Tim Chen has covered ecosystem services as they relate to ecotourism; below I’ve written some additional information on how the process might work on the market.
As developing countries increasingly convert natural ecosystems to areas controlled by humans, ecosystem services (e.g., waste absorption, water purification, soil conservation) are being lost. In order to prevent these shifts, people who live in urban areas or have no close relationship with, for example, their sources of drinking water are often willing to pay people who do have direct impacts on the watersheds. Payment for ecosystem services (PES) has become a measure by which higher-resource groups can induce lower-resource communities or individuals to protect local wetlands, forests, or other areas in order to maintain the ecosystem services that support a particular standard of living. Before such payment schemes can be established, however, certain scientific analyses must be carried out to determine the most efficient allocation of resources and facilitate the selection of the right service providers.
It costs less to preserve an ecosystem’s integrity than to restore it after damage. Costanza et al., in their research on the global value of annual ecosystem services, show that the services “provide an important portion of the total contribution to human welfare on the planet” (1997). Taking preventative measures to retain key services such as nutrient cycling, pollination, and climate regulation, all of which heavily influence human “success” in sectors such as agriculture, is more rational than scrambling to fix problems in the future. The economist P.J. Ferraro puts the logic of PES succinctly: “the cheapest way to get something you want is to pay for what you want” (2002), by this Ferraro means that trying to incentivize certain behavior indirectly is inefficient. It is also easier to negotiate payment for something like forest conservation before profits from deforestation have been experienced, since one pays for conservation rather than reforestation and is preempting deforestation profits rather than replacing them.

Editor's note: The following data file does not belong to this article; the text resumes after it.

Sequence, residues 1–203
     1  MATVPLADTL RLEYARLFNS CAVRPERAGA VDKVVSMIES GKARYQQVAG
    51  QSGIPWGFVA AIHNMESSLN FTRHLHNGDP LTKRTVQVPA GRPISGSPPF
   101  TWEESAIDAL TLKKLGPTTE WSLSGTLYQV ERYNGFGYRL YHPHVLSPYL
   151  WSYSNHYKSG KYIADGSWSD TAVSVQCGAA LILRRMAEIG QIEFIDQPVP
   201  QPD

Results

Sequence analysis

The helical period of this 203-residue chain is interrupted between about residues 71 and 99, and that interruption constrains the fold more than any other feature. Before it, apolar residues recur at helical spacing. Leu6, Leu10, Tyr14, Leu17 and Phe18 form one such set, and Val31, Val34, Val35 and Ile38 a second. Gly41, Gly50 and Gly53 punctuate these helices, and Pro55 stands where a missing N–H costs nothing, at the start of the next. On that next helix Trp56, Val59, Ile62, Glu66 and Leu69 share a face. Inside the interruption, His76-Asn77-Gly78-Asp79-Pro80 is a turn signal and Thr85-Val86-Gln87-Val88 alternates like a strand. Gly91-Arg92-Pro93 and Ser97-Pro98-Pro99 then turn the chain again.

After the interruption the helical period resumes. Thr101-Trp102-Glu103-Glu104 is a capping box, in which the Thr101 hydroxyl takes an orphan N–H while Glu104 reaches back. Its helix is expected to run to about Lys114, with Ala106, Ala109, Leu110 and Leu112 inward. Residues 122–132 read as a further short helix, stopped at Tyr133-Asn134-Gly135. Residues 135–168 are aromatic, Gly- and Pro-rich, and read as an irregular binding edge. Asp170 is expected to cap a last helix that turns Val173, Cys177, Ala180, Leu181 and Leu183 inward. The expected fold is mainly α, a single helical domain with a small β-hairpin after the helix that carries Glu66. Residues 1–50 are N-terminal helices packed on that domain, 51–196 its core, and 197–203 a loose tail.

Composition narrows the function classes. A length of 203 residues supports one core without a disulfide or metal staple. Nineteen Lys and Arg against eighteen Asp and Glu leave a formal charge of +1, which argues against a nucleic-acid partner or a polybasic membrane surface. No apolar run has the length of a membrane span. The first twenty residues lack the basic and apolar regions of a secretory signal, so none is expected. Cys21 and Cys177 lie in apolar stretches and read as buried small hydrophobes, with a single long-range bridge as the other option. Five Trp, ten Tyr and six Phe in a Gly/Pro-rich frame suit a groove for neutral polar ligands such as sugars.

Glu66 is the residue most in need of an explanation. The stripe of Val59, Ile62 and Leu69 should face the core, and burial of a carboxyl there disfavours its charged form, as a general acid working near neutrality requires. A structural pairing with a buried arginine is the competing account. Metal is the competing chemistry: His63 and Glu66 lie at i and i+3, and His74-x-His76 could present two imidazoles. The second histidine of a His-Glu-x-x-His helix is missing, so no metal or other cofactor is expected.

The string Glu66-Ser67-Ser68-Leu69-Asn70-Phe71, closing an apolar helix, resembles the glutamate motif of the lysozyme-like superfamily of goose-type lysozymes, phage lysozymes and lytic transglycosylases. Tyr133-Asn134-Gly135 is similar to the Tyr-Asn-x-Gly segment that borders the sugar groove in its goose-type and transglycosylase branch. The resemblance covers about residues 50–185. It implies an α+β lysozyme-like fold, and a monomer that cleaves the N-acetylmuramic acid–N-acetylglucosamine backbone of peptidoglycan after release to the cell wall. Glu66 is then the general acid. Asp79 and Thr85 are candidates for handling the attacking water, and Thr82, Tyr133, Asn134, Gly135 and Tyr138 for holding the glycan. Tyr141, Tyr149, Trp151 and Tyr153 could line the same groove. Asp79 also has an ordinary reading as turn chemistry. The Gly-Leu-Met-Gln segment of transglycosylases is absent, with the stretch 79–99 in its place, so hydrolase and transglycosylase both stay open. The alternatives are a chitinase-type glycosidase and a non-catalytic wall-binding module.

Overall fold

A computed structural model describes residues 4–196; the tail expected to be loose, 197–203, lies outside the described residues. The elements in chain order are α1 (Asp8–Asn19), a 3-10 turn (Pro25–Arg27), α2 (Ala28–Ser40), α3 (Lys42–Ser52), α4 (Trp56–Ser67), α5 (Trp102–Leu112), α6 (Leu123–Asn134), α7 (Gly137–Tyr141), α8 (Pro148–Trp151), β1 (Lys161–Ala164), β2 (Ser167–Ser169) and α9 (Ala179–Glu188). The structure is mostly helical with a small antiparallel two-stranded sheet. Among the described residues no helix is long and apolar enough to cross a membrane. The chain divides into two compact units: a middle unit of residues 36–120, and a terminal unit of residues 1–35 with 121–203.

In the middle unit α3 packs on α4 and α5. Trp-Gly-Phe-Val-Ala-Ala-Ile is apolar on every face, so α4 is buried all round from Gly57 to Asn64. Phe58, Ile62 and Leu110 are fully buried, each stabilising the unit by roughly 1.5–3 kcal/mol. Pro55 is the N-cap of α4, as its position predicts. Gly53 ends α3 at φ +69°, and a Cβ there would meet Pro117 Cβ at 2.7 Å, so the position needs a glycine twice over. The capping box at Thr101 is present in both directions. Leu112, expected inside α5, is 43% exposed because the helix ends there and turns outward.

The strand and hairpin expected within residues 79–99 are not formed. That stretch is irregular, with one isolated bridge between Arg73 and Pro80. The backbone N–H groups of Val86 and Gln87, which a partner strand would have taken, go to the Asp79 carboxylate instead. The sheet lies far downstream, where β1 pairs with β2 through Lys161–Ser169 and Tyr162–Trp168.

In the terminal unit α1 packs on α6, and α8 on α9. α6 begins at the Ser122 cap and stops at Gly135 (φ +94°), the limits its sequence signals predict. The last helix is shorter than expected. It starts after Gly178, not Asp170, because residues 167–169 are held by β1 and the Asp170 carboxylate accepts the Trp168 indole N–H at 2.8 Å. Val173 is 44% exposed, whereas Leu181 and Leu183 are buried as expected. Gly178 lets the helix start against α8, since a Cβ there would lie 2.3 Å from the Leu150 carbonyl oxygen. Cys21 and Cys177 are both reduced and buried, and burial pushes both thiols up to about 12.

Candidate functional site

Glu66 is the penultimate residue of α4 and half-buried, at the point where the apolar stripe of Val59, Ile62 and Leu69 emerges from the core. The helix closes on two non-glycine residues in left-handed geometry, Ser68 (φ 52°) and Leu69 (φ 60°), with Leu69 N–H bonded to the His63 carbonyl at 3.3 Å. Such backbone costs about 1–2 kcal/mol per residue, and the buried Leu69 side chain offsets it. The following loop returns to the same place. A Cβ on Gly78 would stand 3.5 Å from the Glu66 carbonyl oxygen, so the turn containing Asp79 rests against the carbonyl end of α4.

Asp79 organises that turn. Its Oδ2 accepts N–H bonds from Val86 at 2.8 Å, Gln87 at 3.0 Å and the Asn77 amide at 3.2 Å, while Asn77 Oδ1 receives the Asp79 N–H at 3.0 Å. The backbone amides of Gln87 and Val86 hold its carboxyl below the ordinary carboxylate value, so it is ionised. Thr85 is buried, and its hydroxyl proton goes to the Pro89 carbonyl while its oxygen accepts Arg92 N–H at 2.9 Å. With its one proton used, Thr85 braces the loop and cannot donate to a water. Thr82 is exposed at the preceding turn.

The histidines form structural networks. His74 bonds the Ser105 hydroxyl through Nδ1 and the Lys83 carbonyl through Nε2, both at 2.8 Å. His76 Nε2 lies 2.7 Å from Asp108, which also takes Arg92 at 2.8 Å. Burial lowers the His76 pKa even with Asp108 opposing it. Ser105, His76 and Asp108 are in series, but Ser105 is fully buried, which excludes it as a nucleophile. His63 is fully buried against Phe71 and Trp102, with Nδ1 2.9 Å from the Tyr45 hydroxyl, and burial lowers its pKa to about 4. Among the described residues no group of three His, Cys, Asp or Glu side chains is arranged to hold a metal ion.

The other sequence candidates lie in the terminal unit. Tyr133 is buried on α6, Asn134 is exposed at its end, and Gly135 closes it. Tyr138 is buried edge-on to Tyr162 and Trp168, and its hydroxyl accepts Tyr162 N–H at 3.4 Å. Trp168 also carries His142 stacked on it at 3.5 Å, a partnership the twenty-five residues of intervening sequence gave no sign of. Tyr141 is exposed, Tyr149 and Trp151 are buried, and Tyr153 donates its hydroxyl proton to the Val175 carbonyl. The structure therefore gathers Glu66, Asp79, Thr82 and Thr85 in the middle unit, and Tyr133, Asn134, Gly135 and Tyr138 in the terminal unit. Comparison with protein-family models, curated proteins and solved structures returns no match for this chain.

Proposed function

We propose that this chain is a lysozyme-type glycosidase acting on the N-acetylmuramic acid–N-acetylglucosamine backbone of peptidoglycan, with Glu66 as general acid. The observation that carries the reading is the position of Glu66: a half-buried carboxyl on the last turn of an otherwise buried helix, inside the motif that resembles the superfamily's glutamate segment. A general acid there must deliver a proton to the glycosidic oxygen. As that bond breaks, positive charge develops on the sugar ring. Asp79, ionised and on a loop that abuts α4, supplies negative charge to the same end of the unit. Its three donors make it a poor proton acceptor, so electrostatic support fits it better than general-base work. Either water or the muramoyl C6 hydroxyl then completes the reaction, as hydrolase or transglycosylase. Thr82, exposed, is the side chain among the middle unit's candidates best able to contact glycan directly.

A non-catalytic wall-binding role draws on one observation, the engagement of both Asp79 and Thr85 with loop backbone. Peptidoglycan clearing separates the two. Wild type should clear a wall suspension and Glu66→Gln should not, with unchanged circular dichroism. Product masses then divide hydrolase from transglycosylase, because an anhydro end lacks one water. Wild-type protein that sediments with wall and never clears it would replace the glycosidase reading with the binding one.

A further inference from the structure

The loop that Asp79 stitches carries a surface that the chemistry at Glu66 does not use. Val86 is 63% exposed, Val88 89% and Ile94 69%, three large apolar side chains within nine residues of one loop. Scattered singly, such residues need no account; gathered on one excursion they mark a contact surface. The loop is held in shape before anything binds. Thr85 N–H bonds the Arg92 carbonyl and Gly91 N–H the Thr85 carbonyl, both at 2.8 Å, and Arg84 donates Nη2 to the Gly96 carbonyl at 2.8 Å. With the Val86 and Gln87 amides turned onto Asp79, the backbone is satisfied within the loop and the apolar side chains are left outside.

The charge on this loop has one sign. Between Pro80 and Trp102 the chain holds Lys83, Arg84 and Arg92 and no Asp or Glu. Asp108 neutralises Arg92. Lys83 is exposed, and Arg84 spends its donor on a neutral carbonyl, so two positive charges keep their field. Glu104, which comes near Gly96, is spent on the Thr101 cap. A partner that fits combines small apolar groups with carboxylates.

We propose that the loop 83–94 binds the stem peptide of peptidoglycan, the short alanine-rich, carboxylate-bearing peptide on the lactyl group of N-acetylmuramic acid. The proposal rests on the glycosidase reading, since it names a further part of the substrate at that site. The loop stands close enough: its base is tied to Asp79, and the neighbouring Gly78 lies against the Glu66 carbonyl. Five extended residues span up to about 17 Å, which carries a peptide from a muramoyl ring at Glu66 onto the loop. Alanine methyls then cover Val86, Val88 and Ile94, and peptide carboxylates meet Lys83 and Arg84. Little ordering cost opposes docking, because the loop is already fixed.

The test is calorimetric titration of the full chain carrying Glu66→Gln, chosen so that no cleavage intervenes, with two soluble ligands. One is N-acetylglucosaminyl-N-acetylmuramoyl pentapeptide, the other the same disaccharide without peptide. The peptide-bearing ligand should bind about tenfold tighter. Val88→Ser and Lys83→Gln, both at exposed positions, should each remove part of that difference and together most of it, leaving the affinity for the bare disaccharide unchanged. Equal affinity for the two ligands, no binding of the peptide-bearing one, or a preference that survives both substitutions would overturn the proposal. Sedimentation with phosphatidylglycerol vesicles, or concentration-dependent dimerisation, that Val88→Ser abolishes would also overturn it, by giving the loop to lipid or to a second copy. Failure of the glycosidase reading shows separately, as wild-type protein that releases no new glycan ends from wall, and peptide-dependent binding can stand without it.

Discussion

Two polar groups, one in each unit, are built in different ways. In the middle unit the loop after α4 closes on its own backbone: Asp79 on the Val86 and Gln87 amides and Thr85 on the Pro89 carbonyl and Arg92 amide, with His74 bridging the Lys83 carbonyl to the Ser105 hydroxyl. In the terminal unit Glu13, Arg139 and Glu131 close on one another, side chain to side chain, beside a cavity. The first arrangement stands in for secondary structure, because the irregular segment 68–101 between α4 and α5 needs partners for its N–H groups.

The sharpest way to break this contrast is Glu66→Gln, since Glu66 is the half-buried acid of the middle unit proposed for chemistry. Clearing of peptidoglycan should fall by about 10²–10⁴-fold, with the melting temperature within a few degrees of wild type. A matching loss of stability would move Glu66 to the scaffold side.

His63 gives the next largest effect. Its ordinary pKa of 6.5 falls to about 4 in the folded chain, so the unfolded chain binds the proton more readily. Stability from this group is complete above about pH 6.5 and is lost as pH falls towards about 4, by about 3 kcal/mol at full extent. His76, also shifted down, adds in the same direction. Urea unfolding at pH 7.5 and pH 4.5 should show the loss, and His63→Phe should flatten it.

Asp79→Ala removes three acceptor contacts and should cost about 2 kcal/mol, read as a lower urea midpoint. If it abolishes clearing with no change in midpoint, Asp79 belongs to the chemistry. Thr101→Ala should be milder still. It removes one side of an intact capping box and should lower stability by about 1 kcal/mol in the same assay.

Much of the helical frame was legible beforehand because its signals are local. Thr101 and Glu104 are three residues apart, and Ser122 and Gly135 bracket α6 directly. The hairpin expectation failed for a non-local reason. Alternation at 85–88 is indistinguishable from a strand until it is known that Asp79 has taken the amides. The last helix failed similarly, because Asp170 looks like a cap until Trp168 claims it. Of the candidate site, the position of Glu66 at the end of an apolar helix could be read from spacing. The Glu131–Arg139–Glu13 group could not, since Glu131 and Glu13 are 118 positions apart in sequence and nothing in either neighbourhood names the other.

Companies might even doubly benefit from making payments for ecosystem services: the French water bottler Vittel pays all the dairy farmers in its source watershed “Grande Source” to adopt low-impact practices, and in doing so not only ensures the highest standards in aquifer water quality but also enjoys positive publicity for improving the “Grande Source” river basin and local dairy-farms. Vittel is also a good example of an ES buyer that diversifies its payment options: on a farm-by-farm basis, farmers receive a combination of cash, technical services, reimbursements for some agricultural labor costs, and usufructuary land rights. Diversified payment can increase the appeal for both sides of a PES-agreement and improve the chances of returns on investment.
But how can those willing to make payments for ecosystem services determine what areas provide certain services, or whom to pay for them? A very important measure that ecological sciences can provide to a PES feasibility-study is the counterfactual baseline, which projects what might happen without a PES scheme in place. In other words, a baseline of the pre-PES ecosystem services is necessary to predict what impact the payments will have. Wunder, who gives a very holistic and detailed report of PES, classifies baselines as “deteriorating,” “improving,” or “static,” and explains that the type of baseline significantly affects the perceived efficiency of a PES scheme (2005). For example, if an improving-baseline community already protects their rainforest, Wunder wonders, then why pay them for ecological services they already provide for free? It does seem that, with a limited amount of resources for global PES, priority should be given to areas more at risk, such as intensive agricultural portions of China’s Sloping Land Conversion Program or forests of Brazil’s Mato Grosso.
The best people to pay for ES are those who have a direct impact on land-use and whose compliance can be monitored. To assess these factors, payers for ecosystem services require certain ecological information: the permanence of whatever is being paid for (e.g., will the forests being conserved over soy farms be cut down the following year?); the leakage of behavior being discouraged (e.g., are forests being cut down elsewhere to replace the trees being bought into conservation?); and the consistency of ES-sellers in complying with ES-buyers’ requirements. Compliance monitoring can be done yearly on-site by comparing present ecosystem services with the baseline; paying ES-sellers according to annual results would be the best way to ensure fair play, but in many cases this is not feasible due to the sellers’ often unsure income.
In the current “market” for ecosystem services, sellers receive payments for choosing more sustainable behavior, buyers can ensure the protection of services they receive from certain ecosystems, and valuable environments are conserved. Establishing a market for ecosystem services might take heavy restructuring of operational norms, but harnessing such financial power for conservation would be greatly beneficial to all parties involved. Ecosystem services, which are currently undervalued but would probably cost a number double the global GNP (US$33-54 trillion) were they in a structured market, are only going to grow more expensive as resources become more scarce (Costanza et al., 1997); hasty but diligent action is needed to move towards a system where PES is facilitated and encouraged.